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Room to Read partners with communities and governments in Asia and Africa to build schools and libraries, and sends girls to school on scholarships.Anne Holmes

John Wood was making big money as a senior marketing executive at Microsoft when he made a life-changing trek in Nepal. There, he met a so-called education resource officer who had zero resources – not even books – to give to students. "We are too poor to afford education," the man told Mr. Wood, "but until we have education, we will always be poor."

That hundreds of millions of children will never get an education simply because they were born in the wrong place at the wrong time hit Mr. Wood, a book fanatic, right in the gut: He quit his job and created Room to Read, which partners with communities and governments in Asia and Africa to build schools and libraries, and sends girls to school on scholarships. The organization has also published more than 700 children's books, written and illustrated by locals, in 27 languages, including Swahili, Nepali and Lao.

Making all that happen doesn't come cheap, but Mr. Wood insists that even a little money goes a long way. But to make sure that the money Room to Read raises goes to kids not overhead, Mr. Wood, who has a master's degree from the Kellogg School of Management, has squeezed free office space from investment-banker backers and "begs, borrows and steals" frequent-flyer miles from whomever is willing to hand them over. "Our pitch is all about the fact that a little bit of money goes a long way," he says. "Most kids in the developing world would kill for what we have. This is an opportunity to pay it forward." The Globe and Mail talked to him about his new book, which chronicles how he turned a do-good idea into $50-million-a-year organization.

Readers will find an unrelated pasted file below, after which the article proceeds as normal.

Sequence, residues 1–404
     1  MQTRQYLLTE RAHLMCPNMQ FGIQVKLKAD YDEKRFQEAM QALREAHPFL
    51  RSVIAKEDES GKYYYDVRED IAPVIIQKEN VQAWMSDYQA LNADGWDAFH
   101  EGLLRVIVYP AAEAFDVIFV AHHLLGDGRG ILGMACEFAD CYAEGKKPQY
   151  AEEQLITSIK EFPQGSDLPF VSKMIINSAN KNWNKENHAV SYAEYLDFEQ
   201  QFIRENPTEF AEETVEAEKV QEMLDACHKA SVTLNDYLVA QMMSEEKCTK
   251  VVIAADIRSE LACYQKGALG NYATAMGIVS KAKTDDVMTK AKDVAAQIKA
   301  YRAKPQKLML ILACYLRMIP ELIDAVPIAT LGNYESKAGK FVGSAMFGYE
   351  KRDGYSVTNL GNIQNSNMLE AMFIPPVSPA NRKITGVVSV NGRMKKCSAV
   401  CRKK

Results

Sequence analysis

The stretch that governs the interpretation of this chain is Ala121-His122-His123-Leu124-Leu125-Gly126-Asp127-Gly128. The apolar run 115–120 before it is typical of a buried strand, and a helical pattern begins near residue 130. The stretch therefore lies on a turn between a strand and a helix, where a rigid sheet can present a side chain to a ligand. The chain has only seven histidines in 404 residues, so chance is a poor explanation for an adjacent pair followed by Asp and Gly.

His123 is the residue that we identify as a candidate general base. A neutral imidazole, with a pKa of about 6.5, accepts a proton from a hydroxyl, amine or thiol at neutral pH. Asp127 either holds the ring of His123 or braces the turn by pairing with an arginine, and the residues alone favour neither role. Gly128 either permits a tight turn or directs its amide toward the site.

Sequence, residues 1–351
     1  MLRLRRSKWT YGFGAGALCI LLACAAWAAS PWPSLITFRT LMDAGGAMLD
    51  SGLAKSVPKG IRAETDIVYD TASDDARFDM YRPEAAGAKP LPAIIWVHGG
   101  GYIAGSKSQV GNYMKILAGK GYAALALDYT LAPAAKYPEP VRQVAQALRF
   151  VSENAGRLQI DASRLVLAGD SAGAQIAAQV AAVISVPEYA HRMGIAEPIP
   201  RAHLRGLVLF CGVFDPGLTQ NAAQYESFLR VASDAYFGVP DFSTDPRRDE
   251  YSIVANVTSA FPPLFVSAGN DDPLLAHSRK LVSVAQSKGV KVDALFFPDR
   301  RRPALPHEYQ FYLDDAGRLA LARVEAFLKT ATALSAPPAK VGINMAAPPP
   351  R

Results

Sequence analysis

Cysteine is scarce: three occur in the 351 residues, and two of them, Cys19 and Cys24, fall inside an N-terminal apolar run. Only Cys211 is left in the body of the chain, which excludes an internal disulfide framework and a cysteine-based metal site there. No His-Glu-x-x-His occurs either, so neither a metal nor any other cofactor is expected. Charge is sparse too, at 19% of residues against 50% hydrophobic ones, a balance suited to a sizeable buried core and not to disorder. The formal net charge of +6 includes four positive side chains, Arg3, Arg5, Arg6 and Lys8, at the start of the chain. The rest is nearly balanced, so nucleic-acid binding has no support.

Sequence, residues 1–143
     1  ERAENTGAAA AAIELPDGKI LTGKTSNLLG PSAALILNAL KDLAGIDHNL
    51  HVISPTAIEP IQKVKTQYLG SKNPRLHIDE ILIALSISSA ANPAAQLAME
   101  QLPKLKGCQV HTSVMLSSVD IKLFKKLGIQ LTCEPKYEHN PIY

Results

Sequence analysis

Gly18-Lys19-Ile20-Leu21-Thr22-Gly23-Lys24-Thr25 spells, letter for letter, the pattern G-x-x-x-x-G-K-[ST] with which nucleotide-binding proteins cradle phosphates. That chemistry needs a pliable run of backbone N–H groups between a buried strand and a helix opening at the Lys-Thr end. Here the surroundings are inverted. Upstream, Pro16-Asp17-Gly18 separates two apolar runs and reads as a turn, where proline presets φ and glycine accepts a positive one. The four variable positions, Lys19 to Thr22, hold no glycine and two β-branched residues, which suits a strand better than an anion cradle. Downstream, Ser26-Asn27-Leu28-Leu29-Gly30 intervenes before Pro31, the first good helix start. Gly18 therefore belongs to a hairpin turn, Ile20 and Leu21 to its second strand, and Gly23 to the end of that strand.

You quit a lucrative job at Microsoft at 35 to do this. What were you thinking?

In 1998, I was doing an 18-day trek through the Annapurna Range in Nepal with a Canadian friend of mine. We met a headmaster who was really excited to show off his school. I saw dilapidated conditions, dirt floors, 80 kids crammed into a room that probably should've held no more than 30 – and a library that was completely devoid of books. We went back a year later with 3,000 books on six rented donkeys. We had set up a library, and it hadn't been all that difficult. And then I looked at the fact that it needed to be replicated hundreds, if not thousands, if not tens of thousands, of times in other parts of the world. The entrepreneur in me got really excited about the fact that, if we could get this right, we might just have a lever with which to move the Earth.

You seem to have delivered on what started as a blue sky idea: You went from one library in 1999 to 10,000 by 2010. Where are you now?

Believe it or not, we're at 15,000 libraries now. It's depressingly easy for our local teams to find under-resourced communities. We combine that with world-class fundraising. In the last five years, we've opened an average of six libraries a day.

In your book, you talk about your "big, hairy audacious goal." What is that?